GOP seeks more donor freedom
on May 8, 2013 at 12:59 pm
The Republican National Committee on Tuesday mounted a fervent new effort to get the Supreme Court to give those who contribute money to political campaigns as much freedom as those who spend money independently to promote candidates and causes. In a sixty-page brief in a case that the Court is to decide at its next Term, the GOP’s national organization argued that the time has come to give donors wider First Amendment freedom to make contributions to parties and candidates.
For the past thirty-seven years, the Court has held fast to the idea that limits on political spending put a heavier burden on political expression than limits on contributions do, and so the government has more power to regulate contributions than spending. The differing approach originated in the Court’s 1976 decision in Buckley v. Valeo, and it has withstood repeated attacks by advocates for donors and even by strong criticism by some Justices themselves — including current Justices Anthony M. Kennedy, Antonin Scalia, and Clarence Thomas.
The RNC is seeking to use the new case of McCutcheon v. Federal Election Commission (docket 12-536) as a test of that distinction, arguing that changes in the law and more recent Supreme Court decisions have undermined the rationale for tougher restraints on donations.
The individual donor also involved in the case, Alabaman Shaun McCutcheon, filed a separate brief; it can be read here. That brief, however, confines to a footnote its challenge to “Buckley‘s unsustainable dichotomy between contributions and expenditures.” Even so, the footnote did argue that the Court should not hesitate to overrule that distinction, since it is based on the Constitution and thus cannot be overturned by new legislation.
Both the RNC and McCutcheon urged the Court to use the most rigorous constitutional test — “strict scrutiny” — to judge limitations on campaign contributions. The Court has used various phrases in judging such restrictions, but has never embraced the toughest test. The RNC devoted considerably greater attention to that issue than did McCutcheon.
This case does not involve any challenge to what are called the “base limits” on campaign contributions. Those are the annual limits on what a donor can give to a candidate directly, to a campaign committee, a party, or a party committee. The challenges, rather, are to what are called “aggregate limits” — the total amount that a donor can give to all political recipients during a two-year election cycle. Both the RNC and McCutcheon contended that these overall limits impose a heavier burden on campaign expression than do the base limits, and cannot be justified by any argument that giving to more recipients risks corruption in campaign financing.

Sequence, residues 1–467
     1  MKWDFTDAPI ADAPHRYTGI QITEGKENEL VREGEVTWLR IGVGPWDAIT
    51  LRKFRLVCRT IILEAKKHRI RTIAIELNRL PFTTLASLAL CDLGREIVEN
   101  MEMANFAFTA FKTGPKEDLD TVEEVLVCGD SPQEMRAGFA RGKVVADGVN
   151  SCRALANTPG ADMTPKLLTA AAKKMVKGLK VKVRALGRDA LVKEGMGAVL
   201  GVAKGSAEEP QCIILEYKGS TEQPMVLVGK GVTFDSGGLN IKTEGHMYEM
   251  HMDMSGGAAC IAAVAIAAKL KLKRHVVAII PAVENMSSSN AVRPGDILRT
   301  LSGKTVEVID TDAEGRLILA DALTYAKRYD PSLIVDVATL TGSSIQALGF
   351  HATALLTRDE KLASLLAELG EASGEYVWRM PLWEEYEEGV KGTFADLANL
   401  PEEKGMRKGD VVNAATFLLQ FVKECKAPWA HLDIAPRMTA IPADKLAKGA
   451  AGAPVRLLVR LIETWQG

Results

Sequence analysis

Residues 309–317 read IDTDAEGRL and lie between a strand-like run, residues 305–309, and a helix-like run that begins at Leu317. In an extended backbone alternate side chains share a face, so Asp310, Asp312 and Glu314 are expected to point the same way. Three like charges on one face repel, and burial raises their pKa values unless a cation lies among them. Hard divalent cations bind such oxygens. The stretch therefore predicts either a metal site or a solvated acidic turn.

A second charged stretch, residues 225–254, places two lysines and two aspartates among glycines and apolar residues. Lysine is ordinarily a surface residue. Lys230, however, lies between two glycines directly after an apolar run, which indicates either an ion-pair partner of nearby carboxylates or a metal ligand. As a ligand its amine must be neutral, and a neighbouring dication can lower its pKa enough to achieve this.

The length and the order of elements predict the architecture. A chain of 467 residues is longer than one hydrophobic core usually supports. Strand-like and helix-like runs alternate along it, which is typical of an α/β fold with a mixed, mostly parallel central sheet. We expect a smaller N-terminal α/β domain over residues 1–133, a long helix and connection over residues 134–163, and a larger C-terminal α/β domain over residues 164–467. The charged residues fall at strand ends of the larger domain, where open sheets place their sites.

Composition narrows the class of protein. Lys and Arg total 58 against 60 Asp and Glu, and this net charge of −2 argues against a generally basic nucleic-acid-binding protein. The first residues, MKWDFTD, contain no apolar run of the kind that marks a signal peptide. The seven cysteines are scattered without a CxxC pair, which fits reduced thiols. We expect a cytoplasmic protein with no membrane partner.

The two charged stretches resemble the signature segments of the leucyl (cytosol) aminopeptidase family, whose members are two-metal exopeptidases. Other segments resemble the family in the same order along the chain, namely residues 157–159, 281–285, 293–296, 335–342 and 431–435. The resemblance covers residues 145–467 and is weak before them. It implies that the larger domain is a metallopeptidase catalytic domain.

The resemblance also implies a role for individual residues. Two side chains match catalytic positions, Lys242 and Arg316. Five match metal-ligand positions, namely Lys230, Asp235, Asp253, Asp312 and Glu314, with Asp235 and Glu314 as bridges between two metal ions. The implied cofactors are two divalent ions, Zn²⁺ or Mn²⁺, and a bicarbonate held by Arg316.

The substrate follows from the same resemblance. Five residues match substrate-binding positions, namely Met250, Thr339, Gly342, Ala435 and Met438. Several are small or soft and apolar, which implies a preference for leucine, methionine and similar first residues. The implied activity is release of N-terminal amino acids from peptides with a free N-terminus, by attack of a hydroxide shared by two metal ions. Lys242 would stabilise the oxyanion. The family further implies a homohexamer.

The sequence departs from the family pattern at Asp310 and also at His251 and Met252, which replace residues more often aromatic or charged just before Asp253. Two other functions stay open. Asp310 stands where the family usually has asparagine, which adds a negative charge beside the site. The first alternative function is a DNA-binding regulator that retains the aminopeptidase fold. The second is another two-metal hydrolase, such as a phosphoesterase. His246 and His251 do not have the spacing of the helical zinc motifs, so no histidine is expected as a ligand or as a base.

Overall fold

Although the Buckley decision did uphold an “aggregate limit” — an overall ceiling during an election cycle — of $25,000, both the RNC and McCutcheon argued that the Court did so in order to prevent donors from evading the base limits then in effect on contributions. But Congress has changed the law, and blocked off avenues for such evasions, the two briefs argued.
The RNC challenge targets the two-year limit now in effect of $74,600 on donations that it can receive as a political committee that is not an immediate part of a candidate’s campaign organization. The McCutcheon challenge is aimed at the same $74,600 two-year ceiling on contributions to non-candidate committees, and also at the $48,600 two-year ceiling on donations to candidate organizations. While he is willing to abide by the base limits on his contributions to any entity, he wants to give more in the aggregate than the two-year ceilings allow.
Those are the ceilings that will be in effect during the 2013-2014 cycle. During the last cycle, McCutcheon wanted to contribute $26,200 more than the limit then in effect for contributions to party or other committees not tied to an individual candidate, and $8,200 more than the current limit allowed to candidate organizations. He has said he also wants to exceed the limits in the future.
The McCutcheon brief argued that the two-year restrictions are invalid because they simply function as a restraint on how many candidates or political entities a donor can support. “By preventing a person from making ‘too many’ otherwise legal and innocuous contributions,” his brief said, “aggregate limits effectively penalize those who wish to exercise their First Amendment rights robustly.”
He also contended that the overall caps tend to force political organizations into competition, to beat out each other in getting the limited overall donations than a single contributor can make.
The RNC’s challenge to the aggregate limit on the money it can receive from donors during a two-year cycle argued that such an overall cap is far more restrictive of campaign expression rights than are the base limits. Even if base limits are to be judged by a legal standard less demanding that strict scrutiny, there is no basis for using any test other than strict scrutiny for aggregate limits, its brief contended. “The limits differ in kind,” it argued.
The Court has not yet set a date for hearing the McCutcheon case. The Federal Election Commission will have a chance to file its own brief in answer to those filed this week by the challengers. The FEC brief is now due by July 18.